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Houston Economic Indicators

Economic Indicators
July 30, 2019

Preliminary jobs data for Houston continue to be strong in 2019, and the labor market remains tight. However, leading indicators for Houston have slowed in recent months, and building permits for new single-family housing have continued to slide. Overall, indicators suggest a healthy economy in the first half of the year, with some deceleration in the second half.

Business-Cycle Index

The Houston Business-Cycle Index grew 6.3 percent over the three months ending in June (Chart 1). Strong job growth and a declining unemployment rate have moved the index significantly above trend. Recent index growth has been higher than at any point since before the 2015–16 oil bust, except in late 2017 during the immediate bounceback from Hurricane Harvey.

Chart 1

An index of 11 Houston leading indicators was flat over the three months ending in June. While still consistent with job growth through the end of the year, the index implies employment will likely slow. Comparing the recent contributions of index components for the period ending in March, the slowing was most notable for crude oil prices, the Texas Leading Index, the Houston stock market index and new orders for manufacturing in Houston.


Job Growth Accelerates

Employment growth accelerated from 3.3 percent over the three months ending in May to 3.6 percent over the period ending in June (Chart 2). While the fastest-growing industry was mining (3,000 jobs), employment gains were led by trade, transportation and utilities (6,700 jobs), construction (5,600), government (3,600) and leisure and hospitality (3,600). The only industry to log declines was manufacturing (-1,700).

Taking a longer view, metro job growth was 2.9 percent from June 2018 to June 2019 (89,650), with the largest number of jobs created in professional and business services.

Chart 2

Unemployment Rate Rises

The local unemployment rate in Houston rose from a historic low of 3.4 percent in May to 3.6 percent in June amid a 0.4 percent jump in the size of the local labor force (Chart 3). The unemployment rate in Texas plunged to a record low of 3.4 percent, and U.S. unemployment was 3.7 percent.

Chart 3

Selected Service Sector Jobs

Total service sector jobs rose 2.8 percent from March to June 2019 (18,200 jobs) (Chart 4). One of the fastest-growing industry subgroups was architectural, engineering and related jobs (3,200). This subsector was responsible for nearly half of the growth in the professional, scientific and technical sector and is correlated with activity in the energy production, refining and manufacturing sectors. Transportation (5,200) was the source of over 77 percent of the growth in the trade, transportation and utilities industry group. Food services and drinking establishments (4,900) added the next-largest number of jobs among the services subsectors.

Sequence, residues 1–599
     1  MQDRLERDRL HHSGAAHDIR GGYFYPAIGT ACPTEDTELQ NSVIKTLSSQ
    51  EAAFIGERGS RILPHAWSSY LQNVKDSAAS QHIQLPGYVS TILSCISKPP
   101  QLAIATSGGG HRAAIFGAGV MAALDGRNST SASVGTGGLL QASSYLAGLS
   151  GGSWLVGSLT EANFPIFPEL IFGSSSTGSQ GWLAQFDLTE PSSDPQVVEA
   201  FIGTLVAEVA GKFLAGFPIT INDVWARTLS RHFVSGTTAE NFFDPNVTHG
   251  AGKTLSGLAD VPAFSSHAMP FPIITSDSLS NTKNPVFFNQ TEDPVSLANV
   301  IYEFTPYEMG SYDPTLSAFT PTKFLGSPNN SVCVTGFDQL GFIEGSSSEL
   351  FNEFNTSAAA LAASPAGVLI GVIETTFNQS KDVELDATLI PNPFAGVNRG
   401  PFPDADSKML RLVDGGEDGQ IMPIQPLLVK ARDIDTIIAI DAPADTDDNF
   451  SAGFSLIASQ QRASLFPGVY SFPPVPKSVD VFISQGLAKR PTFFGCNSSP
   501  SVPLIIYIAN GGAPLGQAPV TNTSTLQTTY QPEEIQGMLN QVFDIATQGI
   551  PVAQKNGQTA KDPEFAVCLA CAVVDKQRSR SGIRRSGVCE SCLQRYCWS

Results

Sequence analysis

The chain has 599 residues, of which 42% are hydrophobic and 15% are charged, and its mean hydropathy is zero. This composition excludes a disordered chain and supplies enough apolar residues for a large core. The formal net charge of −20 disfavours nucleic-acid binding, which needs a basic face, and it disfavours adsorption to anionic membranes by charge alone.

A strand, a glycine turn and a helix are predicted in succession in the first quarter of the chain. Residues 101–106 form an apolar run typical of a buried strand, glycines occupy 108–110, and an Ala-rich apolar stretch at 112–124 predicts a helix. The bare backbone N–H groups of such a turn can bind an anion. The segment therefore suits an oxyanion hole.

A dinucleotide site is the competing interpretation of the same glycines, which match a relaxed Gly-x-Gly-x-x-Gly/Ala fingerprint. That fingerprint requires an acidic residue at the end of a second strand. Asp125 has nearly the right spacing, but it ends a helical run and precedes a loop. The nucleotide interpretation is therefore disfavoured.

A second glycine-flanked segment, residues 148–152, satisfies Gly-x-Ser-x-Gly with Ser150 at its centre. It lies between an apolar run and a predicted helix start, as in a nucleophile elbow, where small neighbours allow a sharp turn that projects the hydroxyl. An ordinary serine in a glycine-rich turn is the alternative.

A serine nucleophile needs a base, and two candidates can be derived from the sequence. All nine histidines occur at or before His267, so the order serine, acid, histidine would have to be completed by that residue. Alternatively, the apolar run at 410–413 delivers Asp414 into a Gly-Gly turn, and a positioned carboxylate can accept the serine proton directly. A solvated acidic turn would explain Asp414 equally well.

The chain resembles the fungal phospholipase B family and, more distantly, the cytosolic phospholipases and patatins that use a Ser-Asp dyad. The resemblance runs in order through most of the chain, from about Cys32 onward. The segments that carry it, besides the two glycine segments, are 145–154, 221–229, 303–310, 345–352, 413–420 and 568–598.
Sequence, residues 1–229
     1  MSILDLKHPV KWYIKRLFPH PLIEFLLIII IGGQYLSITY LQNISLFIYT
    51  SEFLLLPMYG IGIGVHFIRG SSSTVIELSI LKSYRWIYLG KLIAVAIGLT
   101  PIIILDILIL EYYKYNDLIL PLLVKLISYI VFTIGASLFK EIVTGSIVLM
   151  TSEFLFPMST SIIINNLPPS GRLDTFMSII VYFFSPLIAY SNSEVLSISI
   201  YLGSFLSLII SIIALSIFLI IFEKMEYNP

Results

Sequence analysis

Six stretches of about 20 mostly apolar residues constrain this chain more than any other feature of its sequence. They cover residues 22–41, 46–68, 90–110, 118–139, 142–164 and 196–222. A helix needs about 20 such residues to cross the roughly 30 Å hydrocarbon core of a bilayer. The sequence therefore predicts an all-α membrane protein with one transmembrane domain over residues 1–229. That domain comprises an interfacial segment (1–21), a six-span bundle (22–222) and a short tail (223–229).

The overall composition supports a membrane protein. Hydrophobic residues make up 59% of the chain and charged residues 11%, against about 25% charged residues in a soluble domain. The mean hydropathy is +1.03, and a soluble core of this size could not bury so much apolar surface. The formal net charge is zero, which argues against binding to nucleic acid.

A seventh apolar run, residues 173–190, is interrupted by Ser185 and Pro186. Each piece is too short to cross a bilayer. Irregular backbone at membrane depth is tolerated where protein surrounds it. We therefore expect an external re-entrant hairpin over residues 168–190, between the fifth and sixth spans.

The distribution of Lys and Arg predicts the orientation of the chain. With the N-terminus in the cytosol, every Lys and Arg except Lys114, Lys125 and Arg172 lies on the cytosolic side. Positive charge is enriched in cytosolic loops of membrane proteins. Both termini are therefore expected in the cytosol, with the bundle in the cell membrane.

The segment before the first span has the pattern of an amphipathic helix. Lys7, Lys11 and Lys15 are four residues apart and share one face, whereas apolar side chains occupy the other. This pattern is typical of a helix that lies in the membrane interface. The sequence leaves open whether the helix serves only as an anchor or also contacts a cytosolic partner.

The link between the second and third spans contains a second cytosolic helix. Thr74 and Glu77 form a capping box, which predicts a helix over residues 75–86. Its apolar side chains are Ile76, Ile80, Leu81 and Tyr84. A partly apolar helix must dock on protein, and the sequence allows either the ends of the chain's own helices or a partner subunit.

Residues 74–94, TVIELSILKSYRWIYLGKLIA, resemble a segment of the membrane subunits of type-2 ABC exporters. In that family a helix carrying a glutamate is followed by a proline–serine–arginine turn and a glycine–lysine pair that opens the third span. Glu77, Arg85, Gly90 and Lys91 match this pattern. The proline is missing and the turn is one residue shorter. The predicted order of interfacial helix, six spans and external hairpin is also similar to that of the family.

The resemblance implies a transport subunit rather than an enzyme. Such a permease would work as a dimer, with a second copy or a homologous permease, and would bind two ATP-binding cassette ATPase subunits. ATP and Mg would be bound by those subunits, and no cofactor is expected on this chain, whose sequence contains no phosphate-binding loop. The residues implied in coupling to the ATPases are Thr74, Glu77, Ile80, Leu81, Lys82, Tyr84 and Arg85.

Chart 4

Employment services, made up of temporary workers at staffing firms, was the only services subsector to substantially contract over both the three months ending in June 2019 (-2,300) and year over year (-7,200). Employment services is often interpreted as a leading indicator for broader job growth because firms tend to increase their hiring of temp workers when they expect business to improve and vice versa. However, in this exceptionally low unemployment environment, a decline in temporary workers in Houston may alternately represent the conversion of temporary staff to permanent employees.


Prices, Inventories Stay Flat

The median price of a home in Houston was just under $241,000 in June on a seasonally adjusted basis (Chart 5). Prices have leveled off since the 2015–16 oil bust. Slowing population growth and rising interest rates in 2017 and 2018 may have also impacted demand for homes, keeping downward pressure on sales. In fact, scaling the number of homes sold with the number of people with jobs, home sales have been trending down since Hurricane Harvey, recovering slightly in early 2019, at least in part due to a decline in mortgage rates.

Existing-home inventory available for purchase has been holding steady at or just below four months since 2016. Historically, an inventory level of about six months has been associated with a market where buyers and sellers are balanced. Inventory below that level has historically been associated with rising prices.

Chart 5

Permits Continue to Slide

Data for the three months ending in June show building permits for single-family housing extended the erosion that began in late 2017 (Chart 6). A leading indicator of future construction activity, this suggests home construction activity will slow. The more volatile permits for multifamily construction saw a surge in late 2018 before falling precipitously in early 2019. Multifamily permits remain elevated nonetheless, suggesting that this market has a more robust construction outlook.

Chart 6

NOTE: Data may not match previously published numbers due to revisions. 

About Houston Economic Indicators

Questions can be addressed to Jesse Thompson at Houston Economic Indicators is posted on the second Monday after monthly Houston-area employment data are released.